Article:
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U.S. Environmental Protection Agency proposes updated but inadequate standards for fine particulate matter

January 6, 2023 Work Area: Power Plants

WASHINGTON – Today, the U.S. Environmental Protection Agency (EPA) released a proposed revision of the National Ambient Air Quality Standards (NAAQS) for particulate matter. Periodic review of the NAAQS based on updated science is required under the Clean Air Act. 

“The proposal released today by the EPA seeks comment on a range of primary standards for fine particulate matter, but unfortunately does not prefer the most health-protective levels recommended by the CASAC, specifically 8 µg/m3 for the annual standard and 25 µg/m3 for the 24-hour standard, which would provide the margin of safety required by statute,” said Hayden Hashimoto, Associate Attorney at Clean Air Task Force. “This is disappointing because exposure to this kind of pollution poses serious health risks and disproportionately impacts low-income and historically marginalized communities that tend to be located near major transportation routes and hubs and industrial facilities. Given EPA’s focus on these communities, not to mention its legal mandate to protect public health with these standards, this should be an opportunity to protect communities and advance environmental justice, and we will urge EPA in strong public comments to follow the scientific evidence and the advice of the CASAC in finalizing an annual standard of 8 µg/m3 and a 24-hour standard of 25 µg/m3.” 

Fine particulate matter is emitted by combustion sources, including cars, trucks, industry, and power plants, and the Clean Air Act requires the primary NAAQS to be set at a level that protects public health with an adequate margin of safety to protect sensitive populations and account for scientific uncertainty regarding health effects.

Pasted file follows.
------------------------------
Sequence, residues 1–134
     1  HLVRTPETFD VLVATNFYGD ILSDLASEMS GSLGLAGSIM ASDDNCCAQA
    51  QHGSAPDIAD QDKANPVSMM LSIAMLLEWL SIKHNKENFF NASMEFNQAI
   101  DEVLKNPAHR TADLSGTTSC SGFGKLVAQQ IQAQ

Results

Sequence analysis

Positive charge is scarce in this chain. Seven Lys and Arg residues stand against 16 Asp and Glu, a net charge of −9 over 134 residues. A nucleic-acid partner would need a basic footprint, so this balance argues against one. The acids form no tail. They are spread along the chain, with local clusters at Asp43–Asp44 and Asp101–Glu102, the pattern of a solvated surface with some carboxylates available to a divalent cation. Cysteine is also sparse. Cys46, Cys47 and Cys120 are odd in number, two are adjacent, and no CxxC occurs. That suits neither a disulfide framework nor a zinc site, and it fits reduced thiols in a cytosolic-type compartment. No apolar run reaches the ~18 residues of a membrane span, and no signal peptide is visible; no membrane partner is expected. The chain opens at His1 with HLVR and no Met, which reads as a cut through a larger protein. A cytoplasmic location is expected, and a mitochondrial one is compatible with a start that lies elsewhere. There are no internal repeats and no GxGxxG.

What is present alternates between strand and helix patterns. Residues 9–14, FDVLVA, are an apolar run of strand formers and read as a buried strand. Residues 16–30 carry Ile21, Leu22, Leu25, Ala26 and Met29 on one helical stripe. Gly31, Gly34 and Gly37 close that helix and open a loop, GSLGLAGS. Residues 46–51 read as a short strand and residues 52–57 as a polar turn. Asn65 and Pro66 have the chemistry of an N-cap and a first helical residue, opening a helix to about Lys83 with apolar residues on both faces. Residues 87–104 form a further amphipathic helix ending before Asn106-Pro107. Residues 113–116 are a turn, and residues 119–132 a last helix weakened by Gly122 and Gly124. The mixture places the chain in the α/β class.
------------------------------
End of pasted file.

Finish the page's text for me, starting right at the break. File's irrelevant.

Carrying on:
The scientific evidence available in EPA’s Integrated Science Assessment documents provides adequate support for setting the fine particulate matter standards at these levels, which would be consistent with the recommendation of the majority of EPA’s science and health experts,” Hashimoto added. “Setting the standards at these levels would provide scientifically supported protections for public health from both typical and peak concentrations of fine particulate matter, and environmental justice communities and the broader population across the country would benefit. An annual standard of 8 µg/m3 and a 24-hour standard of 25 µg/m3 would require more aggressive action under the Clean Air Act either by states or the federal government to address this problem in polluted areas. Therefore, we will continue to urge EPA to set the standards at these levels, as it is critical for public health and the environment that they reflect the current scientific understanding of the threats posed by particulate matter.” 

Press Contact

Samantha Sadowski, Communications Manager, U.S.,, +1 202-440-1717

About Clean Air Task Force 

Clean Air Task Force (CATF) is a global nonprofit organization working to safeguard against the worst impacts of climate change by catalyzing the rapid development and deployment of low-carbon energy and other climate-protecting technologies. With 25 years of internationally recognized expertise on climate policy and a fierce commitment to exploring all potential solutions, CATF is a pragmatic, non-ideological advocacy group with the bold ideas needed to address climate change. CATF has offices in Boston, Washington D.C., and Brussels, with staff working virtually around the world. Visit and follow @cleanaircatf.

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